If both move forward, the road and bridge projects would likely combine for $1 billion — or more — in federal and state construction costs, and take years to complete. Wendy Northcross, chief executive of the Cape Cod Chamber of Commerce, suggested the new bridges should be built alongside the existing structures, allowing traffic to continue under current conditions during construction. But the roadwork around the bridges would probably create unavoidable disruptions, she said.
While the proposed roadway ideas are preliminary, the recommendations indicate that officials are preparing to make big changes. Still, it’s unclear when the final configurations will be ironed out for either the roads or the bridges.
The state and federal governments this summer signed an agreement promising to cooperate on the two projects. But Massachusetts is largely at the whim of the Army Corps, which still has at least months of environmental review to conduct before deciding. The state, meanwhile, says the Army Corps’ bridge study is “critical” to making any final decisions.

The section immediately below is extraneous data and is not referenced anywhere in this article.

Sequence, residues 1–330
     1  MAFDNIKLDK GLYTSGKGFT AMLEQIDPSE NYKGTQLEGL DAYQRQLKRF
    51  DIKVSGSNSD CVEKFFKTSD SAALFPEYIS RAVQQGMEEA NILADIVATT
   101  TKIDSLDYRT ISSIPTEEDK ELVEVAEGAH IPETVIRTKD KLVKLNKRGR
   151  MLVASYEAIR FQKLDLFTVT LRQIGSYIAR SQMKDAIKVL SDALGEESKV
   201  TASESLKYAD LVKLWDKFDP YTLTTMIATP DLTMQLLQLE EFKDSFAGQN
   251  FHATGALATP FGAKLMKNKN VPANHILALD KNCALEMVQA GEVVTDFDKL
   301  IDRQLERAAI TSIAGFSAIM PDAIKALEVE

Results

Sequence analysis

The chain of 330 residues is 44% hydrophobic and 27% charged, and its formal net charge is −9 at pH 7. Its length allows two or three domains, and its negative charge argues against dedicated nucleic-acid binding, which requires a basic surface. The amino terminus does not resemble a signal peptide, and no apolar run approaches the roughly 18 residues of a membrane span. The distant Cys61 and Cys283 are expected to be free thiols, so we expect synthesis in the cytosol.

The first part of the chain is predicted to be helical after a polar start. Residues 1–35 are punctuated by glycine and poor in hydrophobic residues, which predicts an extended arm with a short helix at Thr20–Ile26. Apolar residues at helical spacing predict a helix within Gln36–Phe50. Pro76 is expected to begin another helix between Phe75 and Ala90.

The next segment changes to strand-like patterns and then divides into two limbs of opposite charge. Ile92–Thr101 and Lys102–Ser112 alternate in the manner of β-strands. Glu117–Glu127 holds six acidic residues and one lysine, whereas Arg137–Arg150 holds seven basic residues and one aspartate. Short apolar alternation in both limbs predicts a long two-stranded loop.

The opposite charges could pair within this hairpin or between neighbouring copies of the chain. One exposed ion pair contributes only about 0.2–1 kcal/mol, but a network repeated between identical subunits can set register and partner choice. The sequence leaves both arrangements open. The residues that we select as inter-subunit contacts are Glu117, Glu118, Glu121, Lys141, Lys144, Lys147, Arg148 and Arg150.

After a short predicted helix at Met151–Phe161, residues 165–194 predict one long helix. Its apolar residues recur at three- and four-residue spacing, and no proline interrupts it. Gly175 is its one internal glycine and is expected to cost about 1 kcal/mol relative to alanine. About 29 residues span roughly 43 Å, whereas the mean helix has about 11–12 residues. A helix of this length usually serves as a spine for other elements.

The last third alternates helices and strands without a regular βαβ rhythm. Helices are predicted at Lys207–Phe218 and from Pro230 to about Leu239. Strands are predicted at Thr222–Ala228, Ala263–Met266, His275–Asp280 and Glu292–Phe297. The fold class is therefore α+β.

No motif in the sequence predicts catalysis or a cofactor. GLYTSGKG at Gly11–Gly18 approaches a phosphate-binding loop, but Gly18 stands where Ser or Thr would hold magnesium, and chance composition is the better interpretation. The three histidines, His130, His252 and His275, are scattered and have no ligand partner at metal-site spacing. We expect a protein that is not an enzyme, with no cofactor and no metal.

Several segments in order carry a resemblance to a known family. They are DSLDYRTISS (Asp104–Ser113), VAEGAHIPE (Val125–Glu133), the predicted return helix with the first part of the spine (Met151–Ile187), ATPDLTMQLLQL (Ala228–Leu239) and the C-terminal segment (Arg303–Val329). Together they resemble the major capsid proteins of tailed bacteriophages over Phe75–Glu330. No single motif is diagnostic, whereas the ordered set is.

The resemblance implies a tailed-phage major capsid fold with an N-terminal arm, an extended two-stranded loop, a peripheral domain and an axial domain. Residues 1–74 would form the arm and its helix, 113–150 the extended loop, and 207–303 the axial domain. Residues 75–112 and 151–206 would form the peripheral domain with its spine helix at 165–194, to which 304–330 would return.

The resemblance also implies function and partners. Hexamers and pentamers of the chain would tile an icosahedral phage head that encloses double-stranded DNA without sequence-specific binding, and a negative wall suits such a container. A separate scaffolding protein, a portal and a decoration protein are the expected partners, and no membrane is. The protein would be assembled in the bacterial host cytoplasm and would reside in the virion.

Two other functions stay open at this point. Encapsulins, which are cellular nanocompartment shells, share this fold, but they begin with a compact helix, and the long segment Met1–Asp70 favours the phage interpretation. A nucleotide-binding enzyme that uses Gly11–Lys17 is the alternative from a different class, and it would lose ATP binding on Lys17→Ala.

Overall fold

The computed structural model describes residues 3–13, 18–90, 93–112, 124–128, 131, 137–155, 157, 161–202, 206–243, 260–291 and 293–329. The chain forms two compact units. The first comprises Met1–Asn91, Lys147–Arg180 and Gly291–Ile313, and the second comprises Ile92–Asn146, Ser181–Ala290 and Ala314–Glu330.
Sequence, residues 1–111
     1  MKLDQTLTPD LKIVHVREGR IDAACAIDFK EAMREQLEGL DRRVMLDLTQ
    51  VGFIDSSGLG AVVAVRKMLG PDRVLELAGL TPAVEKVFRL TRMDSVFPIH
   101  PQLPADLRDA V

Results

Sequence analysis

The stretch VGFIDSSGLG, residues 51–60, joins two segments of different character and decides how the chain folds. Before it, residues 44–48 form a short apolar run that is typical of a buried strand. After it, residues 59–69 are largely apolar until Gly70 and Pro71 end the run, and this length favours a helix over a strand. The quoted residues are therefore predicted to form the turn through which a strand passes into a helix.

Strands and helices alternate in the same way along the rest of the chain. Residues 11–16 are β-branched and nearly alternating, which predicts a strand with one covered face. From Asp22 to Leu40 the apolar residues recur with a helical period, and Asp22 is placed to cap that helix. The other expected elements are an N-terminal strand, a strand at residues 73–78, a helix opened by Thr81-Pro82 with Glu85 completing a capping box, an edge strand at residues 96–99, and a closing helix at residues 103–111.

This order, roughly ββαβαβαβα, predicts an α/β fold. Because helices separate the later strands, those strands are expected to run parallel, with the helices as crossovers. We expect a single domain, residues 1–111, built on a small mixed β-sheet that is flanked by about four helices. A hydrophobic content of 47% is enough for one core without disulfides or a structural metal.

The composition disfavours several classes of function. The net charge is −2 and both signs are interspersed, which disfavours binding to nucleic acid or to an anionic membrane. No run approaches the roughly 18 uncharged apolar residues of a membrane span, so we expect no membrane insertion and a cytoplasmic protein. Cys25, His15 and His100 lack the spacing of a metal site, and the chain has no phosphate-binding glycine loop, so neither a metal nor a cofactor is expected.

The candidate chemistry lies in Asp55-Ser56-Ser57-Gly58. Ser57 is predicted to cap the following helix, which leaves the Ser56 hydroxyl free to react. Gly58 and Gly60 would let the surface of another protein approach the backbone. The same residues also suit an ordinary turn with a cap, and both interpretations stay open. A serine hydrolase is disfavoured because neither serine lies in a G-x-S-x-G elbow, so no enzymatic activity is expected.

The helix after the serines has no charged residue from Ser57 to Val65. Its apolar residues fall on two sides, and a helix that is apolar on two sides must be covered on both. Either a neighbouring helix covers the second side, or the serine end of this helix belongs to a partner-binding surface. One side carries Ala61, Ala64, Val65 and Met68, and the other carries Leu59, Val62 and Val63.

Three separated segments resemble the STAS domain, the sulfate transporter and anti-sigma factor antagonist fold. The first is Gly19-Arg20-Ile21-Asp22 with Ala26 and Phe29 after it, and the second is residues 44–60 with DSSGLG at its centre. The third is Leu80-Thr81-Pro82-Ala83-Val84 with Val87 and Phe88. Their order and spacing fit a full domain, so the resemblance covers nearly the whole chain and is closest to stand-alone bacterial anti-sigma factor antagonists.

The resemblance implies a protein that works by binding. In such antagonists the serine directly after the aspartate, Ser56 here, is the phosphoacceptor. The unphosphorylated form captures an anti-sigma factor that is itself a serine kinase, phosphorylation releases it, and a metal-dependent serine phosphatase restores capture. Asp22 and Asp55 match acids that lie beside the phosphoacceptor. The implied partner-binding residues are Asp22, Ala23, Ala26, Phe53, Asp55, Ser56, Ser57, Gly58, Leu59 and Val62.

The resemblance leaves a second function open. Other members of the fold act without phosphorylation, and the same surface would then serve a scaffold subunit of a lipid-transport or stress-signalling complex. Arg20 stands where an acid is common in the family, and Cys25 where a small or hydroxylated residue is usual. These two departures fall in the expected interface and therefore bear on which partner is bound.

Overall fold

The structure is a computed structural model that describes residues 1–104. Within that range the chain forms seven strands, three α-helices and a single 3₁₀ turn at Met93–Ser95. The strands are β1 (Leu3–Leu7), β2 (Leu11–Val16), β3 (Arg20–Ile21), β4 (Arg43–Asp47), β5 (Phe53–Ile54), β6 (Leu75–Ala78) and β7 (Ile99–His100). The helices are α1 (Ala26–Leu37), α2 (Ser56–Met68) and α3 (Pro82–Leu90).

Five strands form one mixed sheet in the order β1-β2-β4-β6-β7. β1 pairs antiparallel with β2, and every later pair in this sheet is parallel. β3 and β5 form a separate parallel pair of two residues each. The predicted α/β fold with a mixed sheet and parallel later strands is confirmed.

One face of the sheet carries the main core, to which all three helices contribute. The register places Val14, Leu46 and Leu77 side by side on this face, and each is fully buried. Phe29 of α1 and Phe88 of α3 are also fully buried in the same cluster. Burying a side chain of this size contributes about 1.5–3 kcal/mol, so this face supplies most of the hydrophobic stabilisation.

“They’re not our assets, so we don’t have control over their future, but they are very important obviously to the Cape and to the Commonwealth as a whole,” state Transportation Secretary Stephanie Pollack said. “Our goal is to coordinate it as much as we can coordinate it.”
Already, though, some Massachusetts political leaders have lobbied the Army Corps to make a decision on the bridges soon, including Senator Edward Markey. He and other Massachusetts lawmakers filed legislation this year to create a funding source for bridge projects such as those on the Cape.
“From my perspective, the time has come to replace these bridges with new, modern bridges that can accommodate current and future traffic demands,” Markey said. “It needs to be and will be a state, local, and federal project. And we will need all levels involved in order to implement a plan.”
But even some residents who want something done to address the rotary and highway traffic are skeptical that new infrastructure will work. Shirley Parkhurst of Bourne said she’s worried no amount of work will make Cape traffic bearable.
“There’s just too many cars down here in the summer,” she said.